[an error occurred while processing this directive]
BBC News
watch One-Minute World News
Last Updated: Saturday, 10 June 2006, 06:03 GMT 07:03 UK
Bratwurst, pork pies and goodwill
By Tom Geoghegan
BBC News, Frankfurt

England fan with emblem
The meeting gave fans a chance for good-natured rivalry
You wouldn't usually expect bratwurst, pork pies and Kendal mint cake to be on the same menu.

But this was not a party that followed convention or national stereotypes.

About 100 England and Germany fans got together at Frankfurt's oldest football ground, Germania 94, to mark the start of the World Cup with a novelty penalty shoot-out, followed by a sharing of national dishes.

It was organised by London England fans and the theme of the day was Fanfreundschaft, which means "fan friendship".

But that did not mean one of the fiercest rivalries in world football could be brushed under the carpet.

Flippers and dances

There was an appropriate nod to 1966 and "that goal" when each penalty participant had to first hit a crossbar. (For the English, the ball crossed the line.)

The contest also included donning flippers and mask for a "Klinsmann" dive, finished off with a Peter Crouch-dance.

The post-penalties party was equally surreal, with the local brew apfelwein sharing a table with English beer, rindswurst and Kendal mint cake, as Germany kicked off the tournament against Costa Rica.

Some German fans wore the England T-shirts they were given in their goody bag, which made for a very confusing scene when Germany scored.

Roger Muckle from Morecambe and German fan Michael Stefovic
The fan initiatives are a recent phenomenon

Organiser and football author Mark Perryman said the event was another step away from the dark days of being treated like a hooligan by the authorities.

"We are rivals on the pitch but we're friends off it.

"The Germans here are amazed because they know no-one else but the English would do this. But we do it out of force of circumstance."

What drives his group's determination to rehabilitate England's image is the memory of his first World Cup in France in 1998, which he describes as a "miserable experience".

Alcohol banned

After violence in Marseilles, the cities hosting England fans banned alcohol, the hotels were "full", the police aggressive and the French hooligans on the warpath, he said.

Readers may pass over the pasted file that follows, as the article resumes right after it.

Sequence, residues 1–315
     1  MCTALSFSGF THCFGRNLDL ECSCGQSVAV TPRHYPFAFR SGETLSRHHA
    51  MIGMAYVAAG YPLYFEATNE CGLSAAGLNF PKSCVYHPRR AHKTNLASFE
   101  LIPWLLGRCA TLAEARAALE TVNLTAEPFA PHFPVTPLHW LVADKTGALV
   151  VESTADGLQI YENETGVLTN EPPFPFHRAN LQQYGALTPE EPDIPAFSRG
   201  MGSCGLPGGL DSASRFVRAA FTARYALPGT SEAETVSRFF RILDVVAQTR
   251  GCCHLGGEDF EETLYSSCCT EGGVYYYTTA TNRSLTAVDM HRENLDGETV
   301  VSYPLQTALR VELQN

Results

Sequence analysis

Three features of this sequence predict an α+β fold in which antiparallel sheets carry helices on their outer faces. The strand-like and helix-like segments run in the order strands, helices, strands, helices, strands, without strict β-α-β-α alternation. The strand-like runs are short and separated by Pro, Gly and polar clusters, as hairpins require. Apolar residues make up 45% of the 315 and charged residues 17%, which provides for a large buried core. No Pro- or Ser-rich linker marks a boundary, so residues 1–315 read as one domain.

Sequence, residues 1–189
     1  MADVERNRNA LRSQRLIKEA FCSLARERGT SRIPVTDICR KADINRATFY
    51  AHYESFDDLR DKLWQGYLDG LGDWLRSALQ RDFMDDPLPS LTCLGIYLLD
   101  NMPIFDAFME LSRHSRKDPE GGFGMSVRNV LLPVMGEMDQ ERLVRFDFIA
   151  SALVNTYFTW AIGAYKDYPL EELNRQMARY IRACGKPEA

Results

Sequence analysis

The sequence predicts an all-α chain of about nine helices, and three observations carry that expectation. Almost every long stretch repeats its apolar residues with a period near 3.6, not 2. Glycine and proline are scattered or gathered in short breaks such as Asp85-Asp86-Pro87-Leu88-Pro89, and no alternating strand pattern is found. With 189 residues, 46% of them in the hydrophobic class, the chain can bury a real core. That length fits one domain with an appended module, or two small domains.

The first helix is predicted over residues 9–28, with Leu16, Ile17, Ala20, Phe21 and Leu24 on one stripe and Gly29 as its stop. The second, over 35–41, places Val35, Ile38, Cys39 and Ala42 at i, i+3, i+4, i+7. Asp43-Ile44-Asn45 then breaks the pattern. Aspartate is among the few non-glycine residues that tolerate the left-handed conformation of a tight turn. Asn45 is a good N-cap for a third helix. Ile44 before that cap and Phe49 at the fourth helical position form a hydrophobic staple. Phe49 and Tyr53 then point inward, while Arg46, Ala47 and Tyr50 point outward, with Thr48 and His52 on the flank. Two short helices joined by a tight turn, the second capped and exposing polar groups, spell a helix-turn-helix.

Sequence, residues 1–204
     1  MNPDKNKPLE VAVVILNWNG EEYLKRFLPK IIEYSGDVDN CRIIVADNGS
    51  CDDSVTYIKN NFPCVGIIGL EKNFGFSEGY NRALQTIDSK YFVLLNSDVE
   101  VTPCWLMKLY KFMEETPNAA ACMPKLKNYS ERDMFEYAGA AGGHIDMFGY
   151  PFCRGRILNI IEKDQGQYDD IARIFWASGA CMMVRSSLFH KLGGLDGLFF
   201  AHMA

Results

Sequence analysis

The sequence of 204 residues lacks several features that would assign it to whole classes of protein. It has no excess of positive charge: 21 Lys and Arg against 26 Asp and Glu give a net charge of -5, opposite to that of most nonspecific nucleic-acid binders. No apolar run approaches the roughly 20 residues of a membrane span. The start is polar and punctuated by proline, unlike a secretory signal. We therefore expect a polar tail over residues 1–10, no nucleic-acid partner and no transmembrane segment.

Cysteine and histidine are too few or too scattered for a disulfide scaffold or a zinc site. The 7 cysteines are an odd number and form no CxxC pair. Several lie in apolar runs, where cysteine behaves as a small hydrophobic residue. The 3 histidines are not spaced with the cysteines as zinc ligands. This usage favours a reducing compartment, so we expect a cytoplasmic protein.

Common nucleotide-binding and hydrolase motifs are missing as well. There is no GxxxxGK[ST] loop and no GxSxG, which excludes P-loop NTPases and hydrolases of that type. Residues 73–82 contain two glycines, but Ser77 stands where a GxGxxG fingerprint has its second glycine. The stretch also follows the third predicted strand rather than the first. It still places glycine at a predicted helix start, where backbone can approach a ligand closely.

His efforts to promote friendship with Germany was well appreciated by Michael Gabriel, who belongs to a German group which promotes fan culture.

He said it was difficult to measure how important this kind of event was.

"We know about the political history of England and Germany, we know about the football rivalry and we know about the friction," he said.

Food at the event
Bratwurst and HP? What would Gordon Ramsay say?

"But this event is what football is all about - bringing people together and using football as a unique language.

"My experience of World Cups is very positive - meeting people from all over the world, learning about Argentine and African football fan culture, or the difference between Wigan and Preston."

Of course, England supporters have been mixing amicably with other nationalities for as long as they have played football against them, but these formal "goodwill" events, such as visits to schools and orphanages, are quite a recent development.

Some of those present on Friday were quick to stress that their competitive desire for England to win was not softened by initiatives like this.

'Mutual love'

And this was a point taken up by Andrin Cooper of the English Football Association.

He said: "The message from this is that dedicated and passionate support can go hand in hand with respect for our opponents. It's bringing fans together in their mutual love of football."

After several Germans complimented the pork pies, the guest responsible for them was revealed to be Gillian Ingham, 44, from Lincolnshire.

Sipping on her apfelwein, she said: "My local butchers in Kirton Lindsey makes the pies in his shop and I wanted to bring something unique to England, something that wasn't mass-produced.

"It's good to meet other fans, to show that England supporters aren't all hooligans. We're here to enjoy ourselves and enjoy the culture."




FEATURES, VIEWS, ANALYSIS
Has China's housing bubble burst?
How the world's oldest clove tree defied an empire
Why Royal Ballet principal Sergei Polunin quit

PRODUCTS & SERVICES

Americas Africa Europe Middle East South Asia Asia Pacific